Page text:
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Situationer: The future of Gujarati language in Pakistan

Updated Jan 20, 2017 12:55pm


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The Gujarati language is facing an uncertain future in this country, to put it mildly. At least its written form is in danger of a slow death. Although a living and vibrant language in India, Gujarati is suffering from an apparent indifference from the very people who speak it as their native language in Pakistan.

A recent decision by the National Database and Registration Authority sums up the plight this language now finds itself in. Nadra has omitted Gujarati from the column asking the applicant about his mother tongue.

Interestingly enough, both Quaid-i-Azam Mohammad Ali Jinnah and Mohandas Karamchand Gandhi spoke Gujarati. Mr Jinnah, by the way, knew Persian as well because his mother spoke the language.

Spoken by over 50 million people, Gujarati is the 26th most widely spoken language in the world. The majority of native speakers of Gujarati lives in the Indian state of Gujarat. Apart from Gujarat, the regions where the language is spoken as first language include some area of Maharashtra (like Mumbai), Pakistan (especially Karachi), Bangladesh, a few African countries — where Gujarati-speaking Indians had settled centuries ago — and, of course, countries where Gujarati-speaking immigrants live in large numbers, such as the United Kingdom and the United States.

A branch of the Indo-Aryan family of languages, Gujarati evolved from Sanskrit and Prakrit, according to linguists. But modern Gujarati took shape in the early 19th century. It has its own script that has evolved from Sanskrit and Hindi scripts and many letters in the Gujarati alphabet are almost like the ones in Hindi’s Devanagari script. However, the Gujarati script does not have a horizontal line that is put above every word in Hindi.

The Gujarati literature’s oldest written record dates back to the 17th century. But it was Alexander Kinloch Forbes, a British officer and scholar in the government of British India, who gave a fillip to the language and literature of Gujarati by encouraging local writers.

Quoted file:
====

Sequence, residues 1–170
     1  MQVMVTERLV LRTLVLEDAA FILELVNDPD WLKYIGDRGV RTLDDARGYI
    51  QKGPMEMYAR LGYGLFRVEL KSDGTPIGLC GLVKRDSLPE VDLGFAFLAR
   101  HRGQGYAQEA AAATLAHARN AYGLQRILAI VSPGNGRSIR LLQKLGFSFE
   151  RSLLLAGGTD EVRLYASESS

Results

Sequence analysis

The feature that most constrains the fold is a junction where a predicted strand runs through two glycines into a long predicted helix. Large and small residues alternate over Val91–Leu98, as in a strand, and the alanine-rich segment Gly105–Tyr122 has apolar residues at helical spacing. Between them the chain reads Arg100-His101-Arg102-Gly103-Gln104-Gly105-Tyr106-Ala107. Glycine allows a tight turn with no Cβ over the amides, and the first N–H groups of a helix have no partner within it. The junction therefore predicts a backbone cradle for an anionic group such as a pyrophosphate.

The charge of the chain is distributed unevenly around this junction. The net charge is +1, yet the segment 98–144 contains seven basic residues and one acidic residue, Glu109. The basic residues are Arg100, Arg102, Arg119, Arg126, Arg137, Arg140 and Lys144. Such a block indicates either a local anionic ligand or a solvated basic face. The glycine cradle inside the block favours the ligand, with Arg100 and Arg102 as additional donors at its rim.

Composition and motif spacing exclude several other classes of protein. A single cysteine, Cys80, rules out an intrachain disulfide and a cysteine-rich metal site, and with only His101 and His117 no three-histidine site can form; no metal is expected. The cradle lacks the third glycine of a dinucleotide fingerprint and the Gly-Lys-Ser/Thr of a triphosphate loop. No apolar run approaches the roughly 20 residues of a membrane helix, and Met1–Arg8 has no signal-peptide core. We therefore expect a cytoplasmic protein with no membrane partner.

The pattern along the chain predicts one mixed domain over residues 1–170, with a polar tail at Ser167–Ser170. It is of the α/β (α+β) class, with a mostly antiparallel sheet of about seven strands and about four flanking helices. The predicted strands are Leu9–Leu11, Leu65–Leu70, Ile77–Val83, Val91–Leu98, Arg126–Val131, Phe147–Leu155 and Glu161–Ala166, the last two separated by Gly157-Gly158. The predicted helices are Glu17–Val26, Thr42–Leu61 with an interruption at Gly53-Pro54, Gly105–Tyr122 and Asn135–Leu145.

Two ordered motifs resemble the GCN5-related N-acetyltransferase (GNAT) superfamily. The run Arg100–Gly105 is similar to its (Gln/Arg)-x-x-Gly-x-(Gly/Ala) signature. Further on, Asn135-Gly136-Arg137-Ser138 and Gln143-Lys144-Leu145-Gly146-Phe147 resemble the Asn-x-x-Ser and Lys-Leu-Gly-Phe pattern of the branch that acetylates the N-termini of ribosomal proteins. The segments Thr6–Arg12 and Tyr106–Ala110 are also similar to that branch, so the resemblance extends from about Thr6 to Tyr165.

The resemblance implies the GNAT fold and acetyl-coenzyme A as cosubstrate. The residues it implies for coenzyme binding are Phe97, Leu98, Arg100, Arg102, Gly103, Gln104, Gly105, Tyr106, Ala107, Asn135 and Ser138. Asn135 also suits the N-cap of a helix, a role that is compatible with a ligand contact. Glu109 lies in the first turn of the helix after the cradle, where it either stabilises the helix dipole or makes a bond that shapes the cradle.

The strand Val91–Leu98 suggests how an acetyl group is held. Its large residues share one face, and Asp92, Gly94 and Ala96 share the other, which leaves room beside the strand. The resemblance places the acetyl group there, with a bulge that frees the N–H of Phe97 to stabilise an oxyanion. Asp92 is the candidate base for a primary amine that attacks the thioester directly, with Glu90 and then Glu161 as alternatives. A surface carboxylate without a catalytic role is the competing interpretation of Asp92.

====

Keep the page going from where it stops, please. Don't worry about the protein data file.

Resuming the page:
Forbes was instrumental in getting the first Gujarati play written, the first Gujarati newspaper and literary magazine published. He also established a library in Surat in 1850 and Gujarati Sabha in Mumbai in 1865.

The number of Gujarati speakers in Pakistan is declining fast and one of the reasons is that the new generation of Gujarati-speaking does not use it. The few who do so speak it strictly within the family or community. Since most of the youth, the descendants of Gujarati-speaking communities, cannot read the script, Gujarati-language publications in Pakistan face an imminent death.

Gujarati is spoken in Pakistan by those who migrated from present-day India after the creation of this country. Some of the communities that had settled here before 1947 and did not migrate to India after Partition, still speak Gujarati. The communities that still speak Gujarati are the Bohras, Parsis, Hindus, Ismailis, Kutchi Memon and Kathiawari Memon. They are mainly settled in Karachi, adding colour to the city’s multi-lingual, multi-ethnic scene.

Although a minority language in Pakistan, Gujarati is the official language of India’s Gujarat state, where Hindi is the “additional official language”.

Many senior citizens would recall that Gujarati was taught at many schools in Karachi. There used to be Gujarati-medium schools and students were allowed to use it as the medium of answer in secondary and higher secondary examinations. Special arrangements were made to assess such answer scripts. This was in vogue from independence till the early 1970s, when schools were nationalised.

In those days Gujarati journalism in Karachi was doing well. At least two daily news papers, Millat and Dawn Gujarati, were brought out from this city. In addition, there used to be an evening newspaper, Vatan.

Daily Millat and Vatan are still alive, but face a bleak future as the number of readers is falling steadily .

‘Millat’, launched by Fakhr Matri in 1948, added a few pages in Urdu about 20 years ago to win over younger readers, but the experiment does not seem to have paid off.

A few Gujarati magazines, too, appeared from this city till the 1990s. Newspapers, magazines and books were imported from India and some of them enjoyed immense popularity.

For instance, many people (this writer among them) would recall that their elders used to read Chakram and Chitralekha, magazines imported form Indian Gujarat. These were very popular among Gujaratis in India and Pakistan. N.J. Golibar, the editor of Chakram, was a well-known figure among Gujaratis of Karachi back in the 1960s. Some columnists of Chitralekha were household names.


Gujarati ‘mushaeras’ were a regular feature in Karachi. And attendance at such events used to be good. But with the passage of time, all this seems a distant memory.

The second generation of Gujarati-speaking migrants from India, who settled in Karachi, knew Gujarati and were able to read and write it.